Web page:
Delf n. A mine; a quarry; a pit dug; a ditch. [Written also delft, and delve.] [Obs.]
The delfts would be so flown with waters, that no gins or machines could . . . keep them dry. --Ray.
Delve v. t. [imp. & p. p. Delved p. pr. & vb. n. Delving.]
1. To dig; to open (the ground) as with a spade.
Delve of convenient depth your thrashing floor. --Dryden.
2. To dig into; to penetrate; to trace out; to fathom.
I can not delve him to the root. --Shak.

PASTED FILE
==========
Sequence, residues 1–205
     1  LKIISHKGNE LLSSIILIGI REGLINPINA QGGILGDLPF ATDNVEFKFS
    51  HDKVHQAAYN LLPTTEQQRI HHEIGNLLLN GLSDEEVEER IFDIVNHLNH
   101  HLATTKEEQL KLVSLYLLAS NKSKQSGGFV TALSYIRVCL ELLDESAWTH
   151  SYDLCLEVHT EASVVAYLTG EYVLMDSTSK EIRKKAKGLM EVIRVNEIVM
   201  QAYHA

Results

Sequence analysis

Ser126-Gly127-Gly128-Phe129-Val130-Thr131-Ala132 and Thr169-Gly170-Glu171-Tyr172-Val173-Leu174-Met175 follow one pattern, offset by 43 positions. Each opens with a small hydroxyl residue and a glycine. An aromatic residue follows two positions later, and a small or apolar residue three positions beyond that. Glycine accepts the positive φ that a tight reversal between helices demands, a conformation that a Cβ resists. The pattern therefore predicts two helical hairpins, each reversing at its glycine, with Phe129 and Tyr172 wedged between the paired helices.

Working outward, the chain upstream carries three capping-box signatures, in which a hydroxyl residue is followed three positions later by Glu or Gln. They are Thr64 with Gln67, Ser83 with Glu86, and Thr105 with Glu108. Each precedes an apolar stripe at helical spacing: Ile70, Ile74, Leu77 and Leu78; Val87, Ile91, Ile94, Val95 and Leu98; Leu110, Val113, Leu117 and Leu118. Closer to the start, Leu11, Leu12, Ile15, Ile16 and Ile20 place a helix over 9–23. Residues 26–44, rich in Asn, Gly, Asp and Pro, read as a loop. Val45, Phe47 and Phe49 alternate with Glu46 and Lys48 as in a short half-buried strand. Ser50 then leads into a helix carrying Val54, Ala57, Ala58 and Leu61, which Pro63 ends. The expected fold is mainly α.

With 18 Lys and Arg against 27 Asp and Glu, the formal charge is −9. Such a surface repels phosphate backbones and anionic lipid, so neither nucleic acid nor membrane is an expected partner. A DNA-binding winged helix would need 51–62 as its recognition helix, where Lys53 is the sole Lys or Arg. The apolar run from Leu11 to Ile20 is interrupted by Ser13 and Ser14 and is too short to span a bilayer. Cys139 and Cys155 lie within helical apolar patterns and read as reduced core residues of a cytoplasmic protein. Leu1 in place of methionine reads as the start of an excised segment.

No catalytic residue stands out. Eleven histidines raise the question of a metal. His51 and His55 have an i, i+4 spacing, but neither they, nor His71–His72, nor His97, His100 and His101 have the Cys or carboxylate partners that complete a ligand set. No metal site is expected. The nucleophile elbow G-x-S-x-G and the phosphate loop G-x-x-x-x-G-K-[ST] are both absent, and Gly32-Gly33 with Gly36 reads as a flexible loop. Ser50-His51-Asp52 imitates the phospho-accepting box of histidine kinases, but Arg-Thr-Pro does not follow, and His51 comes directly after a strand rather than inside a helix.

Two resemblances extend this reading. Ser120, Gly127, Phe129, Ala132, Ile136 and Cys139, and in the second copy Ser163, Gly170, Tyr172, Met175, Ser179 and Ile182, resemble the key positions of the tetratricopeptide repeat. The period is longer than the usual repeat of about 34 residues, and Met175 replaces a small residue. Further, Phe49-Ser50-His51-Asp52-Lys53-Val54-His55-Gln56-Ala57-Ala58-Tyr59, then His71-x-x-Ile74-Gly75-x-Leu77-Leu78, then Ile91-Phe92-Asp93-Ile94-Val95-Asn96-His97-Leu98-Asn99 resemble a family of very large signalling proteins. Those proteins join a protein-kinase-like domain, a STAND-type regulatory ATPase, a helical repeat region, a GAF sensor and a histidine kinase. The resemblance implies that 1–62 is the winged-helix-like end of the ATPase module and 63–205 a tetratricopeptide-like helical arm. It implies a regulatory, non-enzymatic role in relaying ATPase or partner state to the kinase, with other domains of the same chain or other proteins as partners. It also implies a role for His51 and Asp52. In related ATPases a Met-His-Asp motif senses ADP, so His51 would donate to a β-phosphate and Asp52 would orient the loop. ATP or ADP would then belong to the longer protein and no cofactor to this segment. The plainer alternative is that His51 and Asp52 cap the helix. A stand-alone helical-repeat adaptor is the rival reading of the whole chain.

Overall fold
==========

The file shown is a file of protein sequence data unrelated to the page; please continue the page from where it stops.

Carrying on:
Delve, v. i. To dig or labor with a spade, or as with a spade; to labor as a drudge.
Delve may I not: I shame to beg. --Wyclif (Luke xvi. 3).
Delve, n. A place dug; a pit; a ditch; a den; a cave.
Which to that shady delve him brought at last.
The very tigers from their delves
Look out. --Moore.
v : turn up, loosen, or remove earth; "Dig we must"; "turn over
the soil for aeration" [syn: dig, cut into, turn